If I’m still this successful 3 months in, 6 months in, and beyond, I might consider a career in sales and trading. Good news is that I just got a mentor who works as a Managing Director in Equities Trading at an investment bank through the American Corporate Partners (ACP) program, which I spoke about before. They setup veterans with mid to senior level executives in industries that veterans might be interested in. I’ll be sure to pick his brain about this topic as well.

In other news, my daughter is officially potty trained- I’m pretty damn excited about that.

Trade # Open Price Quantity Original Open Date Security Sell Price Close Date Gain/Loss HPR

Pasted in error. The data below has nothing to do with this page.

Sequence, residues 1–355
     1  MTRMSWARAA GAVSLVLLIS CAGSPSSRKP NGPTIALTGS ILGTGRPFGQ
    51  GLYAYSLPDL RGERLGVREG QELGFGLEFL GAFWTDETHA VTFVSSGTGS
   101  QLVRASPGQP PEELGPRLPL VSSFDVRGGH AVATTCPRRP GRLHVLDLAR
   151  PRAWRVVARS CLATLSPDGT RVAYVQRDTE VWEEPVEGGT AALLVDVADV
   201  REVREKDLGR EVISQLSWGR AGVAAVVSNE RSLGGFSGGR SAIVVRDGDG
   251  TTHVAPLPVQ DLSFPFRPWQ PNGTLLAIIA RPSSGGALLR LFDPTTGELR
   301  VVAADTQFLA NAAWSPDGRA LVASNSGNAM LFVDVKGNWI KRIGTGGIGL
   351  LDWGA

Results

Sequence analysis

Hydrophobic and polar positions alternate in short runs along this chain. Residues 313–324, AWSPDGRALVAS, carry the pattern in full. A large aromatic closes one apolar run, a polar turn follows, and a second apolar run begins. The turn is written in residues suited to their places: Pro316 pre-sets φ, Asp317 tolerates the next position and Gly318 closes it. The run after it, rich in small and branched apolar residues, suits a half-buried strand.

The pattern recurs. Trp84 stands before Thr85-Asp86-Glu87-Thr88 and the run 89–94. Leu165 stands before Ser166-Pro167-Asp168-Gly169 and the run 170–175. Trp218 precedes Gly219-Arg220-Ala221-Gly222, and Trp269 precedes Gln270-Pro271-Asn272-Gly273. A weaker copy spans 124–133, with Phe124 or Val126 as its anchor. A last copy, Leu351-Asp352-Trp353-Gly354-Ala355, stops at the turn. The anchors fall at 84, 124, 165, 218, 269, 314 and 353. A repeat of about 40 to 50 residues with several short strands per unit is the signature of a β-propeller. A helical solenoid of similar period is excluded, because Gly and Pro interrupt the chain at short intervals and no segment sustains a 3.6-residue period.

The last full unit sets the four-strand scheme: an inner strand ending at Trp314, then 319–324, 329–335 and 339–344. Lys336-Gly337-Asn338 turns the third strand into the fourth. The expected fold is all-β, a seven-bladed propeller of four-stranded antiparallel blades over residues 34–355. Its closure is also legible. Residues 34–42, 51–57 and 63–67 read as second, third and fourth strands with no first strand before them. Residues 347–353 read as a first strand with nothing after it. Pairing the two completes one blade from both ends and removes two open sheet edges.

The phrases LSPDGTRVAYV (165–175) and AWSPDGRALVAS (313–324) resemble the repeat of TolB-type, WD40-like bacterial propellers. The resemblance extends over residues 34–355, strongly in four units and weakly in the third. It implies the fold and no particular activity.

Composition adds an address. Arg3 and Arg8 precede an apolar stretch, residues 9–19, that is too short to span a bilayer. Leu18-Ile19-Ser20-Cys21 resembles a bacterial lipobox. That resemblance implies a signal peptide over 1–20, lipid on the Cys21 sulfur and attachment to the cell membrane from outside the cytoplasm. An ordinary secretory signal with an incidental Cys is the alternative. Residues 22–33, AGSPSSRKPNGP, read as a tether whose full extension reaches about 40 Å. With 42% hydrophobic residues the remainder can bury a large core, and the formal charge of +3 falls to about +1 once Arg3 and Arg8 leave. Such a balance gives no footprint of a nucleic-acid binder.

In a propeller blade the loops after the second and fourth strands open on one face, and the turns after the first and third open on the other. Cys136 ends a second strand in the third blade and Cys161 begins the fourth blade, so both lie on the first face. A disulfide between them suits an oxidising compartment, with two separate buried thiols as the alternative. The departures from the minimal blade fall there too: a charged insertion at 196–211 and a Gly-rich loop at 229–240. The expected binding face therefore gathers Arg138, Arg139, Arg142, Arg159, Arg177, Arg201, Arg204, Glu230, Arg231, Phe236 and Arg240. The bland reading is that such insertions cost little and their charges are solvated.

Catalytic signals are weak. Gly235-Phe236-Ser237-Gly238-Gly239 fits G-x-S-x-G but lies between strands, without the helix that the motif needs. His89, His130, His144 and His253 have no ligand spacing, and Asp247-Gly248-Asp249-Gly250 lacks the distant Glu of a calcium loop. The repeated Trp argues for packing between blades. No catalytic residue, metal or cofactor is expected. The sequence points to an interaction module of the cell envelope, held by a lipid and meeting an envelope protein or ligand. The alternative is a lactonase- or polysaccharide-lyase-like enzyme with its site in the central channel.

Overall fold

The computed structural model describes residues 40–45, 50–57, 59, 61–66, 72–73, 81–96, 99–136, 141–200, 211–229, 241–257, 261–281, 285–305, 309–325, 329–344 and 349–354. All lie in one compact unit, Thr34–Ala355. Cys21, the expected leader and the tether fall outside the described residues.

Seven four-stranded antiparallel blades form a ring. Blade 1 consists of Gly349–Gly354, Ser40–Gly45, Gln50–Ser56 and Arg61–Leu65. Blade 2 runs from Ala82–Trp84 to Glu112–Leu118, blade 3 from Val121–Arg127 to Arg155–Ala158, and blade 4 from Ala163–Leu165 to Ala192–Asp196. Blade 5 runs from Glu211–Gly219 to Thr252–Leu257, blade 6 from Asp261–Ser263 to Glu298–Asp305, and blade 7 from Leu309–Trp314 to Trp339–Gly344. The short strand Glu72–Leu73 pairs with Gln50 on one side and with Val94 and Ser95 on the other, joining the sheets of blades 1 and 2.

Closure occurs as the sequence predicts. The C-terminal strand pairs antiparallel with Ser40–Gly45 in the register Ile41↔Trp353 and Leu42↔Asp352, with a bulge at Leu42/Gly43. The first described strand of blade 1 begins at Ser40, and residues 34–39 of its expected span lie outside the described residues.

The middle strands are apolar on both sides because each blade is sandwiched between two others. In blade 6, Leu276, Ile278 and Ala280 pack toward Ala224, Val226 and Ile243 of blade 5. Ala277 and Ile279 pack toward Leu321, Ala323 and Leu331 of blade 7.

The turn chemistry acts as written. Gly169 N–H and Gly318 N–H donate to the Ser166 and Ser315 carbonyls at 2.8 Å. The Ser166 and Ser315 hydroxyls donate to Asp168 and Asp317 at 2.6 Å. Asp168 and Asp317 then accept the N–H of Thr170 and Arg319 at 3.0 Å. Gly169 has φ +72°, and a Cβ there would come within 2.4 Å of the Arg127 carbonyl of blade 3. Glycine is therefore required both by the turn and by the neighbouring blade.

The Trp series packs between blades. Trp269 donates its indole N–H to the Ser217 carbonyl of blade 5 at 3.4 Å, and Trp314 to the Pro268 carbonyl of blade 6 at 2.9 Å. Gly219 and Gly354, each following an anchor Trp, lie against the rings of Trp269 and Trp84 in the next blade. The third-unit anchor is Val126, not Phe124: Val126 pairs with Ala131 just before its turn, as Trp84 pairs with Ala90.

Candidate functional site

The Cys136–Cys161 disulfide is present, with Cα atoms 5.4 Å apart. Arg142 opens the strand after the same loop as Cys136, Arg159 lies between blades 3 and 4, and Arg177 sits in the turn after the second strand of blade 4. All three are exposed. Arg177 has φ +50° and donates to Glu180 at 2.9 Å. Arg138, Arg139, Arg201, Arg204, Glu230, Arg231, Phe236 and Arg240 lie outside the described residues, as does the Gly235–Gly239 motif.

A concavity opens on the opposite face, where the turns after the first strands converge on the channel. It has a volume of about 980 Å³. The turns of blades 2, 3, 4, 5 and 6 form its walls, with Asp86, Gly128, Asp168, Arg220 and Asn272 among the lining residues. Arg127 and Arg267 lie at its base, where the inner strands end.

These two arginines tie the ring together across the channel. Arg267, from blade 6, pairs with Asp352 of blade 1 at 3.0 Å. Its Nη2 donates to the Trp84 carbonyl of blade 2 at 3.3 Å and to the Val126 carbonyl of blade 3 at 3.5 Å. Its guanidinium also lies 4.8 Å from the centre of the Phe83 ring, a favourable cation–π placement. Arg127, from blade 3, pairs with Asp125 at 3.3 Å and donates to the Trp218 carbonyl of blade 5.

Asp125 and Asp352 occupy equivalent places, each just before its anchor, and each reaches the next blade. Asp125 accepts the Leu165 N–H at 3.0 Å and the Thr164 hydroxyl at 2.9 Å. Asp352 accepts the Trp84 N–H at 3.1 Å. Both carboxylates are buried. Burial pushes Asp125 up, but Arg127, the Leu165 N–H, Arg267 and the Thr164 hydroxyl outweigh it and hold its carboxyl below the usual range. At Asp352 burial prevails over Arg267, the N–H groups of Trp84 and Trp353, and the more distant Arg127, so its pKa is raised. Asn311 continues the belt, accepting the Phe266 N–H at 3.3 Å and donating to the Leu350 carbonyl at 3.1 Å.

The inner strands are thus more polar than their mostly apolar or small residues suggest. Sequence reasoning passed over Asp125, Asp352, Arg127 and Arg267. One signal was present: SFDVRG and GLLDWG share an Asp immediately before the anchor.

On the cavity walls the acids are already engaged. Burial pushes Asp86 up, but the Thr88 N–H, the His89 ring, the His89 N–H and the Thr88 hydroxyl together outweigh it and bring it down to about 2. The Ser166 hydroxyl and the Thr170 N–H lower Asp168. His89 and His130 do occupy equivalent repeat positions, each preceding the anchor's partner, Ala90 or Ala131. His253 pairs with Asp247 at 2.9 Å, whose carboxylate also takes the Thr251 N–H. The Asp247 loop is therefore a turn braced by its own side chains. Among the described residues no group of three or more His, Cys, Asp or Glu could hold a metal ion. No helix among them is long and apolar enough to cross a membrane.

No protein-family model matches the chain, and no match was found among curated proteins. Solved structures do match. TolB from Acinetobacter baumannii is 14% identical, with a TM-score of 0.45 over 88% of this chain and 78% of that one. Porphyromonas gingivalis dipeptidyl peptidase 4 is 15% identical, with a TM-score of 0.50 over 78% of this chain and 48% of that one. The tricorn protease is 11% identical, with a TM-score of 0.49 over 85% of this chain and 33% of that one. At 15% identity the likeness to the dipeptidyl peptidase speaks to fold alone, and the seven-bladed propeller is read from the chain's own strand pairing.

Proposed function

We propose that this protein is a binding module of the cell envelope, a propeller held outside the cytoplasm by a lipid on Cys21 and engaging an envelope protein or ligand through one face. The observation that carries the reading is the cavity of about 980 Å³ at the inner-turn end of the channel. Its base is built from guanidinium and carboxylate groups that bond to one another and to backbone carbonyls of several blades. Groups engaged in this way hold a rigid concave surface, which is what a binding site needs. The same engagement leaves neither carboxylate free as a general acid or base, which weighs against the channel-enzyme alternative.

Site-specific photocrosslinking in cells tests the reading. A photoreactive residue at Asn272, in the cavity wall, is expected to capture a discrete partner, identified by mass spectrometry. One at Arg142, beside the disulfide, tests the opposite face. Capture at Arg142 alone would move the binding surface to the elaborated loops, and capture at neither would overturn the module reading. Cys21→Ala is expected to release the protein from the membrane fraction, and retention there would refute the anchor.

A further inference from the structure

1 $1.15 20.00 $2,340.00 4/3/2012 PUT GROUPON INC CL A $10 EXP 10/20/12 $2.20 4/17/2012 2019.9 86.32%
2 $0.50 20.00 $1,040.00 4/10/2012 PUT ZYNGA INC $8 EXP 09/22/12 $0.85 4/18/2012 619.96 59.61%
3 $17.81 150.00 $2,678.50 4/17/2012 VXX $18.25 5/14/2012 $51.93 1.94%
4 $0.95 20.00 $1,940.00 4/18/2012 PUT BEST BUY COMPANY $18 EXP 09/22/12 $1.15 5/7/2012 319.94 16.49%
5 $0.95 20.00 $1,940.00 4/19/2012 PUT RESEARCH IN MOTION $10 EXP 12/22/12LTD $1.25 5/3/2012 519.94 26.80%
6 $0.40 40.00 $1,640.00 4/26/2012 CALL GROUPON INC CL A $17 EXP 07/21/12 $0.40 5/14/2012 -$100.04 -6.10%
7 $1.00 20.00 $2,040.00 4/26/2012 PUT AOL INC $20 EXP 01/19/13 $1.30 5/7/2012 519.94 25.49%
8 $10.75 100.00 $1,082.00 5/2/2012 GRPN $14.89 5/14/2012 $403.50 37.29%
9 $8.90 100.00 $897.00 5/2/2012 ZNGA        
10 $13.50 100.00 $1,357.00 5/3/2012 KKR        
11 $7.92 100.00 $798.79 5/3/2012 BAC        
12 $10.21 100.00 $1,027.86 5/8/2012 GRPN $14.89 5/14/2012 $457.64 44.52%